Chemokine decoy receptors and the CNS in MS

Duncan McKenzie

University of Adelaide, SA

| Better treatments | Immunology | Scholarship | 2013 | Investigator Led Research |


MS results from immune cells such as white blood cells entering the central nervous system (CNS, the brain and spinal cord) and attacking the myelin.

The entry of these immune cells into the CNS is promoted by molecules known as chemokines. This project will use animal models of MS and human stem cells to investigate the effect of inducing a regulator of chemokines, known as D6 and CCX-CKR, within the CNS.

It is thought that the presence of the regulator will reduce the amount of chemokines in the CNS, limit white blood cell entry and reduce or prevent neuroinflammation. In conjunction with other work being carried out in this laboratory, this study has direct potential to lead to the development of novel cell-based therapies for people with MS.

Progress to Date

This vacation scholarship ran over ten weeks and aimed to generate two platforms for future experiments. The first part of this project successfully generated new animal models which had high D6 gene activity in the CNS and developed the genetic tests for tracking of these mice throughout the project. Future work will investigate whether the high gene activity of D6 has an effect on the development of MS-like disease in these mice.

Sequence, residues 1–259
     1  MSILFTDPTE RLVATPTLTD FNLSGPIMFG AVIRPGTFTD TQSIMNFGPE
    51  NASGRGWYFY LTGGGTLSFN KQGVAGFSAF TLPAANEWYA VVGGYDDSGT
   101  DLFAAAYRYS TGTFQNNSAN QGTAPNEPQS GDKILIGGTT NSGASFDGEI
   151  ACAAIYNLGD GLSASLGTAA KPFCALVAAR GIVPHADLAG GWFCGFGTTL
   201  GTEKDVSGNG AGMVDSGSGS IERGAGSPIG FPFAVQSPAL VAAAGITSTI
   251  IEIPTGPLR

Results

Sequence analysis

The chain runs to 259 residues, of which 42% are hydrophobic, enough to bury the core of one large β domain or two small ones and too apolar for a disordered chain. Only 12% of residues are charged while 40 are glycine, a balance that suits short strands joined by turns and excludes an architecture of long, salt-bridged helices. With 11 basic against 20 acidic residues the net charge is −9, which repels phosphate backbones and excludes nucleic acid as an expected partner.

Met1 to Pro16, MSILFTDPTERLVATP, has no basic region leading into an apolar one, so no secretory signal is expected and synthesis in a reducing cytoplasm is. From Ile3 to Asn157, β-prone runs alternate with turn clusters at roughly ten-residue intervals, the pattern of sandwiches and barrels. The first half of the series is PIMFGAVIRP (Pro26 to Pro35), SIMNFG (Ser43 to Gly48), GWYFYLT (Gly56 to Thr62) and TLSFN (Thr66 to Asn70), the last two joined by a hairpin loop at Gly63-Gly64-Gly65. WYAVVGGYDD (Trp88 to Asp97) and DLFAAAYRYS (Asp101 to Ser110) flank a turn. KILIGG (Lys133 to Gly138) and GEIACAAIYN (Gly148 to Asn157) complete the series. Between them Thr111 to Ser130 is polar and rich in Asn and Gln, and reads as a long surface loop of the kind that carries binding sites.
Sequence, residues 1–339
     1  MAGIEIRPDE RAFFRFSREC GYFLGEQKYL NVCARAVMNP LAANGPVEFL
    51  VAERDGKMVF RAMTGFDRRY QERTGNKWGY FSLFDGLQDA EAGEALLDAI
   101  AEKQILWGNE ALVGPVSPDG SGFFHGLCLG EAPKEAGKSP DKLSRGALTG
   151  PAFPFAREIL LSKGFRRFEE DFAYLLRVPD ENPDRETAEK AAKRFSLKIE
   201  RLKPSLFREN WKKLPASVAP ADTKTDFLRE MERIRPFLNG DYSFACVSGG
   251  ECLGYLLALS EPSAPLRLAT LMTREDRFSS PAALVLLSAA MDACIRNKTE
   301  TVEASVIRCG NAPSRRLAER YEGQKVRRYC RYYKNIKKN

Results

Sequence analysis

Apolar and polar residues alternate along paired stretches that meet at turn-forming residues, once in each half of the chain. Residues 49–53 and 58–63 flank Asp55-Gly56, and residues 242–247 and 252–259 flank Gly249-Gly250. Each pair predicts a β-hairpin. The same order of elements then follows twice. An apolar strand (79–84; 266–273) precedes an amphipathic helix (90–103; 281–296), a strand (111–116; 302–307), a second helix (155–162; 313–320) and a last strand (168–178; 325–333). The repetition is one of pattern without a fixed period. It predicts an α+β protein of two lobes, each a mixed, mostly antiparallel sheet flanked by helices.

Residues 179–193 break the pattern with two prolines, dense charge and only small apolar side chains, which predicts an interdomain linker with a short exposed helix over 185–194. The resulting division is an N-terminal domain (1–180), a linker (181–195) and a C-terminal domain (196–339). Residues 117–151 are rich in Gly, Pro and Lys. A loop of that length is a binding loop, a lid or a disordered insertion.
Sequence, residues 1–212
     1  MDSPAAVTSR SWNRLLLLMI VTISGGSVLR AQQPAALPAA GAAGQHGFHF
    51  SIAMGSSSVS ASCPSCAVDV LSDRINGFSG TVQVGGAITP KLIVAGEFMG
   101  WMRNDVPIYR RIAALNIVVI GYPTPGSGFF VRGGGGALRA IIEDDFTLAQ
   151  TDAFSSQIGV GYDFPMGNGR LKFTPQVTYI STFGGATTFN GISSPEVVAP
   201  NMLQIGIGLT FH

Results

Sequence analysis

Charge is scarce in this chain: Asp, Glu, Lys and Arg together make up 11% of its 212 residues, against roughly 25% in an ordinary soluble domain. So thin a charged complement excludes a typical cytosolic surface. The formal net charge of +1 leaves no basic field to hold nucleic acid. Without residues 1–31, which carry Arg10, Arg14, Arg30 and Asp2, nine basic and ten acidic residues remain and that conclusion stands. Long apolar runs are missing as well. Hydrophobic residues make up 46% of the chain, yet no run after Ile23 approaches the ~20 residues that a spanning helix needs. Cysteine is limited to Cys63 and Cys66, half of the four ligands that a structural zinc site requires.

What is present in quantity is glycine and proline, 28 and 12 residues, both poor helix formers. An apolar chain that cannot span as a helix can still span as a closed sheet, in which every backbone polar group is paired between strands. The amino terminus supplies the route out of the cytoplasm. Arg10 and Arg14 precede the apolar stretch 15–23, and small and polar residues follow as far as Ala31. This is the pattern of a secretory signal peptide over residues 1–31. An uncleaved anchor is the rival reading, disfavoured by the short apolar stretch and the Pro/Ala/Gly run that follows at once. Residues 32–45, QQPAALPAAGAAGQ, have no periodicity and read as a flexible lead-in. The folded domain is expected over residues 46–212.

Human adipose mesenchymal stem cells have been shown to suppress MS-like disease in mice. The second part of this project investigated whether increasing D6 gene activity in mesenchymal stem cells would improve their therapeutic effect. Experiments are now complete in which DNA constructs were designed to create the high D6 and CCX-CKR gene activity in these cells. Further techniques were optimised so that these cells could be successfully grown in the laboratory. Functional analysis showed that the CCX-CKR function of these cells was excellent, however, D6 function was lower. This means for the D6 cells, there will need to be an extra purification step prior to the follow up work. Once this has been completed, both the D6 and CCX-CKR step cells will be tested as a treatment in animal models of MS to see if an enhanced therapeutic result can be achieved. Since completing his vacation scholarship Duncan is now completing a Masters in Professor McColl's laboratory.

Updated: 30 June 2014

Updated: 02 January, 2013


  • Duncan McKenzie, University of Adelaide, SA


Grant Awarded

  •  Vacation Scholarship

Total Funding

  • $7,000


  • 1 year over 2013

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Chemokine decoy receptors and the CNS in MS